If Petraeus can’t get away with it, neither can you


If there’s anything I’ve learned from the David Petraeus scandal, it’s this:  It is impossible to hide an affair.

Seriously, if the director of the CIA can’t keep his extramarital affair a secret, no one can. Let me repeat myself.  If the director of the world-renowned Central Intelligence Agency — which specializes in classified information — isn’t able to hide his weekend romance, neither can you.

It doesn’t matter who you are. That secret “dead drop”  email account you made to keep you and your lover’s correspondence private? One day you’re going to slip and send a message to your boss from the wrong email. IPhones make that really easy. Believe me.

The biography your lover is writing about you? Yeah, that’s a bad idea. Eventually, all of those trips you’re taking together for “research” are going to catch up with you.

Do you have your hands on any sensitive, classified information? Don’t let your partner-in-love-crime access them — unless you want to marry them, of course. Because we all know married couples aren’t required to testify against each other.

The inability to conceal this affair has Americans saying, “David, how stupid could you be?” But perhaps the issue at hand isn’t how hard it is to hide an affair. It might be time to take a good, hard look at the CIA and see how much work it’s really getting done. If the man in charge can’t keep a secret, how could we expect his subordinates to?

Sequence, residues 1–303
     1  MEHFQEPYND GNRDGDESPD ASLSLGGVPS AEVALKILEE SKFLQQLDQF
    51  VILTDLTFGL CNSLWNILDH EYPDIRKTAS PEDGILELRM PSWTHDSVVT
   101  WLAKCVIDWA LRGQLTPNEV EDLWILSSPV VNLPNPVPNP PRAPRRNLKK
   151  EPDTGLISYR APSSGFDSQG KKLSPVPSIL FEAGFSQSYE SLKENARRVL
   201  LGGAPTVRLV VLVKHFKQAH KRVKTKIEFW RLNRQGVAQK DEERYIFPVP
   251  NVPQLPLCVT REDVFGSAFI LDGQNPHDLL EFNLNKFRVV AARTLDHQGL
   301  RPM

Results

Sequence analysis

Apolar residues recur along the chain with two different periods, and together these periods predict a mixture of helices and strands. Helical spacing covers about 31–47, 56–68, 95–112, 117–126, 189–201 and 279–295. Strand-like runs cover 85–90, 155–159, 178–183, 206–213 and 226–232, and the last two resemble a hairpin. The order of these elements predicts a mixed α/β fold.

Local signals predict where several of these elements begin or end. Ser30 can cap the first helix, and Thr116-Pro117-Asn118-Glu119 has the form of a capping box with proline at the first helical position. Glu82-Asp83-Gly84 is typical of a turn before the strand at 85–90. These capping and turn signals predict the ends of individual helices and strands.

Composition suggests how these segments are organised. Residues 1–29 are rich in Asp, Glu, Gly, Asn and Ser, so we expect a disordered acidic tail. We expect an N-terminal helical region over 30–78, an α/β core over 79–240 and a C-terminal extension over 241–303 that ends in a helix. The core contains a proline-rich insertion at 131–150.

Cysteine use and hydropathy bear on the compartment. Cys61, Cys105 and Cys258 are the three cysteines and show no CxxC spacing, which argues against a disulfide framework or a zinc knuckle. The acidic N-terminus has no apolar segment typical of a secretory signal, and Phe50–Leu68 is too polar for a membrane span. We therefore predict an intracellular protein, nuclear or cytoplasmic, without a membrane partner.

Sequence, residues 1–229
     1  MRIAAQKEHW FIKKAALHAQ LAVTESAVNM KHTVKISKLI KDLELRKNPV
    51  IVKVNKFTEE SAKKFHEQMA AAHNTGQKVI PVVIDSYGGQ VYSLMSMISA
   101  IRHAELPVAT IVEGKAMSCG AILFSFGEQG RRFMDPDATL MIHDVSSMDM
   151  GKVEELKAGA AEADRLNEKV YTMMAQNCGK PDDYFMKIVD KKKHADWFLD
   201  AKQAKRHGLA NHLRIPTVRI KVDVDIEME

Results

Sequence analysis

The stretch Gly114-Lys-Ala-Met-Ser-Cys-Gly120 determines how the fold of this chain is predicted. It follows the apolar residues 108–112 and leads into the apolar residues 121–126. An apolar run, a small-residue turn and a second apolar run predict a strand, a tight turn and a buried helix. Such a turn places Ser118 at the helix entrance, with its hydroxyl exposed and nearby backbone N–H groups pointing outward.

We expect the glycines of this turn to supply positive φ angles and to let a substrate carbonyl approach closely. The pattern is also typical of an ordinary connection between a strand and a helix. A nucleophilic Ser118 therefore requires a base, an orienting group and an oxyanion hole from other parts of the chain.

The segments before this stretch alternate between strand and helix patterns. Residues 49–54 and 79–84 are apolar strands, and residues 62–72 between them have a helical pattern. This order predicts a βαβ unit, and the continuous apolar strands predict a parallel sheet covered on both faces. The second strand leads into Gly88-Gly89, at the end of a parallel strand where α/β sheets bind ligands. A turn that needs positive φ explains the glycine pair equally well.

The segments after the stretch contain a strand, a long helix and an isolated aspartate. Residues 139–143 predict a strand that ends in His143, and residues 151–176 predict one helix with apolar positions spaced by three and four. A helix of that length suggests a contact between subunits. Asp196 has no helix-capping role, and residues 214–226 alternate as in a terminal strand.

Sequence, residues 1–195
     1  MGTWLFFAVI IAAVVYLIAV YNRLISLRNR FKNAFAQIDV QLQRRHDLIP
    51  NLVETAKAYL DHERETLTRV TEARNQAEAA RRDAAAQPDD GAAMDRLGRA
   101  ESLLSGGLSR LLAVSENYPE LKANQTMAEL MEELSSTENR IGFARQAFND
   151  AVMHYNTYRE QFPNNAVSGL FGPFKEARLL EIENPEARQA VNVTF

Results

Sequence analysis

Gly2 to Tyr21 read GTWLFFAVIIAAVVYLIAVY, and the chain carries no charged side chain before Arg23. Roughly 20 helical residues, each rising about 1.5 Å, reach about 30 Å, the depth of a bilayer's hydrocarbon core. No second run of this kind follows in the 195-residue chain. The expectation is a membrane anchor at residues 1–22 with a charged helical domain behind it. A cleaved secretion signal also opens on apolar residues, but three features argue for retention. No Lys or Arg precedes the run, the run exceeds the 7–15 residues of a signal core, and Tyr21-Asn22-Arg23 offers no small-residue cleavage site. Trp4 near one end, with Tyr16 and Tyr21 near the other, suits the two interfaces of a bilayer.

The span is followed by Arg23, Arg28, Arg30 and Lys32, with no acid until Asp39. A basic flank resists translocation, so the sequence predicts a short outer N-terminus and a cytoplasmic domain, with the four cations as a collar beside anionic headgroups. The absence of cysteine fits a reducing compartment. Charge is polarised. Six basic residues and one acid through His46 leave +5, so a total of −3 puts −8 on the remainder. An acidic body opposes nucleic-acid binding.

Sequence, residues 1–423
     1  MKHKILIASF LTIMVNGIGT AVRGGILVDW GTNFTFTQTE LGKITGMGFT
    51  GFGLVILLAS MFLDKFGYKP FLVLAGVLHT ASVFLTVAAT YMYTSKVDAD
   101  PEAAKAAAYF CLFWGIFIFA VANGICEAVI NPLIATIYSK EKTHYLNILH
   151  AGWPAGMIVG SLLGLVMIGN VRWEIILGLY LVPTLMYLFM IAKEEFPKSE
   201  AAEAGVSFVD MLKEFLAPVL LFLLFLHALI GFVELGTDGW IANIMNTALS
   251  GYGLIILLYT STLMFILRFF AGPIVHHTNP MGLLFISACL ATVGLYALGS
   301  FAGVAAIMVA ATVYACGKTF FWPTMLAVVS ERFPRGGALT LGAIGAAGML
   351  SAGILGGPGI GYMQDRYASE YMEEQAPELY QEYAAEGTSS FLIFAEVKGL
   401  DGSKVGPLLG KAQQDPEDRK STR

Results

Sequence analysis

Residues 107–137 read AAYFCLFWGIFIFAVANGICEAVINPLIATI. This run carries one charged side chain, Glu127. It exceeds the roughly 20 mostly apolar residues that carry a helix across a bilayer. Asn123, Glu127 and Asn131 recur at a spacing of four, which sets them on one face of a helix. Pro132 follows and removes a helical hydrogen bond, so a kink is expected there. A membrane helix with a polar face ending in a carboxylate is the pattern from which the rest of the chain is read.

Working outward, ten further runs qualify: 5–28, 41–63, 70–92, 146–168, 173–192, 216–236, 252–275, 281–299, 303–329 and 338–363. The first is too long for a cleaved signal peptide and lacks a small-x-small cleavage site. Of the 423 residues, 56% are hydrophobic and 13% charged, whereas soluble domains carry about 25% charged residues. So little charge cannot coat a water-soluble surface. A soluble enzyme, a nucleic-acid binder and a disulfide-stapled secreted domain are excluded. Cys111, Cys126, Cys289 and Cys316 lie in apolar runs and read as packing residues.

What if it’s all a sham and the CIA is just a way for former military personnel to keep a nice paycheck rolling in?

Think about it. When was the last time the CIA publicly announced a project it was working on? Oh, that’s right, it hasn’t. Because it’s all … a secret.  A secret that we the people will never hear about. Maybe these CIA “agents” are all lounging around in the Pentagon smoking Cohibas and laughing at the foolishness of Americans who think they’re hard at work protecting our country.

Obviously this isn’t what’s happening. One of the great accomplishments of the American government is its system of checks and balances, which would prevent this very situation. Unfortunately, the reputation of one of the greatest American war generals — David Petraeus — has been tarnished because he couldn’t resist the primal male urges he was born with.

So take a lesson from David Petraeus  and his predecessors — John F. Kennedy, Bill Clinton and Eliot Spitzer. The next time you want to have an affair, you might as well update your Facebook relationship status to “it’s complicated,” because everyone’s going to find out anyway.

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